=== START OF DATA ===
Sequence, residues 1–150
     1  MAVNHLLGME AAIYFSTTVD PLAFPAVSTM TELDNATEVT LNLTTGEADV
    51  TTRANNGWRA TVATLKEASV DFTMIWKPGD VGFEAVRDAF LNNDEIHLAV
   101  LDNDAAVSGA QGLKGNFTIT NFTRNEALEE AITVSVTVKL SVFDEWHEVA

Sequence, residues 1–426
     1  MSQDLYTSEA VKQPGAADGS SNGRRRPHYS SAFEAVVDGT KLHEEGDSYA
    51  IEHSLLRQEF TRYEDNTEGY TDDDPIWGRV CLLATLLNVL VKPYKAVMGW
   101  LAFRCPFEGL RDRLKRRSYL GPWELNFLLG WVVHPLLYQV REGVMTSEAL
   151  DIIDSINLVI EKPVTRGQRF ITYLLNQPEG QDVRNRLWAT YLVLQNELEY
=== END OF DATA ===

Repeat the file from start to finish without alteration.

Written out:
Sequence, residues 1–150
     1  MAVNHLLGME AAIYFSTTVD PLAFPAVSTM TELDNATEVT LNLTTGEADV
    51  TTRANNGWRA TVATLKEASV DFTMIWKPGD VGFEAVRDAF LNNDEIHLAV
   101  LDNDAAVSGA QGLKGNFTIT NFTRNEALEE AITVSVTVKL SVFDEWHEVA

Sequence, residues 1–426
     1  MSQDLYTSEA VKQPGAADGS SNGRRRPHYS SAFEAVVDGT KLHEEGDSYA
    51  IEHSLLRQEF TRYEDNTEGY TDDDPIWGRV CLLATLLNVL VKPYKAVMGW
   101  LAFRCPFEGL RDRLKRRSYL GPWELNFLLG WVVHPLLYQV REGVMTSEAL
   151  DIIDSINLVI EKPVTRGQRF ITYLLNQPEG QDVRNRLWAT YLVLQNELEY